Of course, the article doesn't say Apple has any success at all - perhaps they can crack the 4 digit passcodes that bypass the 10 code self-lockout and erasure. But you can enable a more secure form using a complex passcode. And supposedly you can enable even more sophisticated encrypted and protections.

Or hell, we don't even know how may phones are in the queu or how long it takes Apple, It could take Apple 4 months to decrypt the iPhone. Or they may have a backlog because only one person is decrypting them and he can only do one a day or something.

Re:Is Apple being compensated? (5, Interesting)

blaster (24183) | about a year ago | (#43700677)

Would you have preferred if I had written "Apple does not actually need a backdoor per se in order toto perform the actions mentioned in the article?" My point was that what law enforcement is asking does not require a backdoor, since a lot of posters seem to think it implies there must be one. Furthermore, security researchers can and do look and see how all the signing keys etc are structured on running systems even without source code access. Is there a chance there is still something hidden, sure, but there is also a chance someone snuck a root exploit into an innocuous looking commit in an important open source project. Source code access generally does lead to more trustworthy code, but it isn't so black and white as you claim. In the end we depend on people to validate what we use, and just having the source available is not in and of itself validation.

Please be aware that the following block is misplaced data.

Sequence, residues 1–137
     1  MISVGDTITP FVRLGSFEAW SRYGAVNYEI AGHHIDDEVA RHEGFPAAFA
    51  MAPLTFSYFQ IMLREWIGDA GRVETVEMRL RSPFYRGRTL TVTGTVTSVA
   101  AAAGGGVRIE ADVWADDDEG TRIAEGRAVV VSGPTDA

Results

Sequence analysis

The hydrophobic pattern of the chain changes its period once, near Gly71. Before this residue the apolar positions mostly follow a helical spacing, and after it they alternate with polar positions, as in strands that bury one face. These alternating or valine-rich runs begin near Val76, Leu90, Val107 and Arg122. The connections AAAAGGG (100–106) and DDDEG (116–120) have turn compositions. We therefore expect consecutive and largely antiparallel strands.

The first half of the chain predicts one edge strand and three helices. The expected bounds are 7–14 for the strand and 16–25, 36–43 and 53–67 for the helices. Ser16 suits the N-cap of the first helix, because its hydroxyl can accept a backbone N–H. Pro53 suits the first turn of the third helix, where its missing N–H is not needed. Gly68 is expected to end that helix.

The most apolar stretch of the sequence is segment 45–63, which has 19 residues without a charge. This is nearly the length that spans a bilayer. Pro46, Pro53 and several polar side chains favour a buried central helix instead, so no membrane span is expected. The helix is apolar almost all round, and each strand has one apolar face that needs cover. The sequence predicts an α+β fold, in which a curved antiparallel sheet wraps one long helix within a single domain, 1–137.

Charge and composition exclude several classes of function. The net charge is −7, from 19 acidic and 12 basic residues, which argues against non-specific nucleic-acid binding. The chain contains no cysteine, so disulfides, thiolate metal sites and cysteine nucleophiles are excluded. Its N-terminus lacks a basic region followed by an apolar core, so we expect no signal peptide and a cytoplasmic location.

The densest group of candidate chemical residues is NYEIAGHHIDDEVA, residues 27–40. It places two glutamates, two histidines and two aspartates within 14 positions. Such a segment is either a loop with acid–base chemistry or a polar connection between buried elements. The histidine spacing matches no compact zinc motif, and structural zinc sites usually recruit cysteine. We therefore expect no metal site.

As for the rest of the your comments, you simply don't know what you are talking about, but you would if you had actually read the PDF I linked. First off, rewriting the bootloader via JTAG is not an option on a lot of SoC's and embedded devices once they have had some of their internal fuses blown. From the PDF:

"When an iOS device is turned on, its application processor immediately executes code from read-only memory known as the Boot ROM. This immutable code is laid down during chip fabrication, and is implicitly trusted. The Boot ROM code contains the Apple Root CA public key, which is used to verify that the Low-Level Bootloader (LLB) is signed by Apple before allowing it to load."